MuckRock: A FOIA-ral History

Since 2010, we’ve tackled everything from food stamps to killer clowns - here’s what got your attention

Written by JPat Brown
Edited by Michael Morisy

With MuckRock’s birthday later this week, we thought it would be fun to take a stroll through the archives and look at the most popular pieces from each of the last six years. Several hours of cleanup and hundreds of deleted lines of junk HTML later, we’re happy to take you along for the tour.

2010

Where Massachusetts food stamp money is going

MuckRock’s first big story had as much to do the reaction to the piece as the piece itself - namely, the threat of jail time. After publishing an analysis of four years of Massachusetts’ federal assistance data, Michael Morisy received a letter from the agency saying that the information had been released in error, and unless he removed it immediately, he could face fines or imprisonment. Not bad for only our second article.

The threat drew widespread media attention in the Boston media, which may or may not have contributed to agency quietly backpedaling, saying it was more an FYI, really. Regardless, the damage was done - Michael had had his first taste of government gadfly-ry, and there was no going back.

2011

FBI: Carrier IQ files used for “law enforcement purposes”

One of the interesting quirks of FOIA journalism is that, more often than not, there’s just as big a story in the rejection of a request as in there is in the actual release of documents. That was a lesson learned early on, when Michael’s request for the FBI’s files on CarrierIQ - the controversial tech company whose diagnostic cell phone software appeared to track location and even keystrokes - was denied on grounds that releaseing that information would interfere with “law enforcement proceedings.” This seemed to imply that Carrier IQ was involved with, well, “law enforcement proceedings.”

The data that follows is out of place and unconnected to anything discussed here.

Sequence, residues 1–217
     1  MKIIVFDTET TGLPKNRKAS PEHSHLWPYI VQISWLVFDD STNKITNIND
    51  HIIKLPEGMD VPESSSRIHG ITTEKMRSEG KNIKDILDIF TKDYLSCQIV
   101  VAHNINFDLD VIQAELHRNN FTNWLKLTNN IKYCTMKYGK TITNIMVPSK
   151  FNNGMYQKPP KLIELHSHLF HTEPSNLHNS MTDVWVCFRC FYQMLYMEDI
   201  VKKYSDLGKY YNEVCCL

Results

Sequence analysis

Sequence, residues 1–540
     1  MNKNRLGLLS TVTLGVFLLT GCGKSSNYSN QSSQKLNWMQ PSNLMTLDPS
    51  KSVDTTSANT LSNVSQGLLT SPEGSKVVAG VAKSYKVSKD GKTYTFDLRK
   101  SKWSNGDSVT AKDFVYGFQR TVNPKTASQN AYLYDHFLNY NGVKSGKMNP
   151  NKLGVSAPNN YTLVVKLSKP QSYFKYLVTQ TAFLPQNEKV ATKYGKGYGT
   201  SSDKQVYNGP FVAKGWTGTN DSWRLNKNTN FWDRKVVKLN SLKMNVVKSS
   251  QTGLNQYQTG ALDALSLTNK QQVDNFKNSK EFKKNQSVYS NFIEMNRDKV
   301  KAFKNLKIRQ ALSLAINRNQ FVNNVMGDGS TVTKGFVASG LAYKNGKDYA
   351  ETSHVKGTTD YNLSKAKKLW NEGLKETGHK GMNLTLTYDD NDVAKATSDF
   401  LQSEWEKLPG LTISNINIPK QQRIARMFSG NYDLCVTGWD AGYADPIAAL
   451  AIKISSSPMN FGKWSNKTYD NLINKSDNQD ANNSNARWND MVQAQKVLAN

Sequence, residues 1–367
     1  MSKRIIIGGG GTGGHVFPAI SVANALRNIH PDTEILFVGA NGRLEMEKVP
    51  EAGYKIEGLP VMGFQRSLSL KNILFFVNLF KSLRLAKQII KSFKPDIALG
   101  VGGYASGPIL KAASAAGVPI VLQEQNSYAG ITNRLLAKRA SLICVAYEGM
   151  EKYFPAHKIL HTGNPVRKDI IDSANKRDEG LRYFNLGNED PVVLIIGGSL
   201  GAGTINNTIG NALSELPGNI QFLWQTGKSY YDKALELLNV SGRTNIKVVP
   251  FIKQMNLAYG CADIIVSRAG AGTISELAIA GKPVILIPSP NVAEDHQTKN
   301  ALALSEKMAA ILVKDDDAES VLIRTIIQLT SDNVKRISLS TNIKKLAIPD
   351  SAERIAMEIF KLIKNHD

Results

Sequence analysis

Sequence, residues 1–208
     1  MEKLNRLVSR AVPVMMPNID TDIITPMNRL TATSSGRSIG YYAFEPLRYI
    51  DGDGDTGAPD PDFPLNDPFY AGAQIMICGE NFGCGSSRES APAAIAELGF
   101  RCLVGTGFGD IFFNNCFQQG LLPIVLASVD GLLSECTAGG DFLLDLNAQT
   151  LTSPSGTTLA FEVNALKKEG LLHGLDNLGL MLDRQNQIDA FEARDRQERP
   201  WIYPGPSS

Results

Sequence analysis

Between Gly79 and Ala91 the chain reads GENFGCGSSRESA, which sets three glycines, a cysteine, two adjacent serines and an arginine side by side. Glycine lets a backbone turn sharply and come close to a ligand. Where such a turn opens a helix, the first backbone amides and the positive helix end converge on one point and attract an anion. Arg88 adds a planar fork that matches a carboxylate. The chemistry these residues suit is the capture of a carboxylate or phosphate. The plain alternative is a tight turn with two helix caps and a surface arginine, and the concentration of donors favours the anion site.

Though the company denied any such involvement, MuckRock would revisit the topic of federal cellphone surveillance - and the ‘x in your pocket’ motif - with the launch of the Shawn Musgrave’s Spy in Your Pocket project three years later.

2012

“A very complex individual” Steve Jobs’ FBI file

While MuckRock was far from the only outlet to get their hands on the Apple founder’s file - heck, you can buy it for $260 on Amazon despite the fact that the FBI makes it publicly available on The Vault - Tom Nash’s article was one of the first to included the full file embedded inside as a searchable .pdf, so readers could skip to the parts about drugs or Job’s old friends calling him a jerk.

The popularity of the piece led to FBI write-ups becoming a staple of MuckRock editorial, and Steve Jobs became the first subject of what would become our ongoing FBI file project, now sixty-odd strong. Even in death, the man is an innovator.

2013

FBI reveals why it labeled Insane Clown Posse gang leaders

And now for something completely different. Though the Insane Clown Posse’s beef with the Bureau had drawn nationwide attention after they sued the agency for labeling their fans (known as “Juggalos” if you’re not hip on your horrorcore lingo) a “non-traditional gang,” nobody - including the ICP - could could figure out why the FBI was so decidedly not down with the clown.

That is, until Inkoo Kang’s write up of Rich Jone’s request, which revealed … some vague charges of racketeering and a serious distaste for the group’s brand of “musical horror stories.” What’s the takeway from all this? Don’t let the coulrophobic compile your National Gang Threat Assessment report.

2014

Every item distributed to local law enforcement by the Pentagon’s 1033 program over two years

Shawn was already months into his investigation of the then-relatively unknown “military gear to police” program when images of riot-gear clad cops atop mine-resistant vehicles in Ferguson thrust the issue into the nationwide discussion and accelerated the publishing process.

This piece became the opening volley in what developed into a full-fledged FOIA war with the Pentagon over what they had distributed, and to whom. The fact that Shawn took on one of the most powerful organizations on the planet and came out on top is a testament to just how powerful public records can be.

2015

Aw, Blerg! 30 Rock FCC complaints

Powerful, yes, but also funny as hell. Though MuckRock had written about FCC complaints before, usually big events like SuperBowl halftime shows or Miley Cyrus’ now-infamous VMAs performance, 30 Rock was the first major network show we got the files on, and was a great way to illustrate just how accessible FOIA can be. Plus, poorly-described Tracey Morgan hummingbird erotica is now a permanent government record, and what’s not to like about that?

The piece made the front page of Reddit - netting us more traffic that weekend than the previous four years combined - and spawned our Must-Seethe TV project.


On behalf of MuckRock editorial, we want to thank you for an amazing six years, and look forward to digging even deeper in the years to come. If you have any ideas for articles or project, feel free to email us at info@muckrock.com.


Image via Wikimedia Commons